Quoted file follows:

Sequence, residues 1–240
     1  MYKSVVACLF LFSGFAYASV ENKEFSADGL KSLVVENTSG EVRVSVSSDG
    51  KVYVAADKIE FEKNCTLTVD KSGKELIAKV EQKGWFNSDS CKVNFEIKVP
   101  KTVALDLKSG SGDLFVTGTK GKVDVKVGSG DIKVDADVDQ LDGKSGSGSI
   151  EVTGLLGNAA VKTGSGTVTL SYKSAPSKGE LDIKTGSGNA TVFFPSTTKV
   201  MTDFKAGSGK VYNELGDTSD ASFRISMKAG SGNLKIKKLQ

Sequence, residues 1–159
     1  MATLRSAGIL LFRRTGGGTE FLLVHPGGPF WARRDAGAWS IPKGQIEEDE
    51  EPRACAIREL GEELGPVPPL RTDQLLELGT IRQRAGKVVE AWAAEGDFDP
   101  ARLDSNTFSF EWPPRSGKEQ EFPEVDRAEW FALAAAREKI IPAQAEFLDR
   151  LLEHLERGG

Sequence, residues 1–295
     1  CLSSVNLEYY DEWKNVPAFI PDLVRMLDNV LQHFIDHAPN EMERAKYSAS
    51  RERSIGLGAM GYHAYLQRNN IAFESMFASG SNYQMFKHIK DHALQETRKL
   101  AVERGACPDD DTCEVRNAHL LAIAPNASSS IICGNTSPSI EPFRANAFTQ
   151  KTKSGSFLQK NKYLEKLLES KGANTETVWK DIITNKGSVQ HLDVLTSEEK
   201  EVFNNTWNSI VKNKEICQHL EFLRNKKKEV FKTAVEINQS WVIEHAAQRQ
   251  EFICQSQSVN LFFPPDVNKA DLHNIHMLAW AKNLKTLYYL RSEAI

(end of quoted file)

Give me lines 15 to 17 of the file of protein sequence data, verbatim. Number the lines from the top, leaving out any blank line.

   101  AVERGACPDD DTCEVRNAHL LAIAPNASSS IICGNTSPSI EPFRANAFTQ
   151  KTKSGSFLQK NKYLEKLLES KGANTETVWK DIITNKGSVQ HLDVLTSEEK
   201  EVFNNTWNSI VKNKEICQHL EFLRNKKKEV FKTAVEINQS WVIEHAAQRQ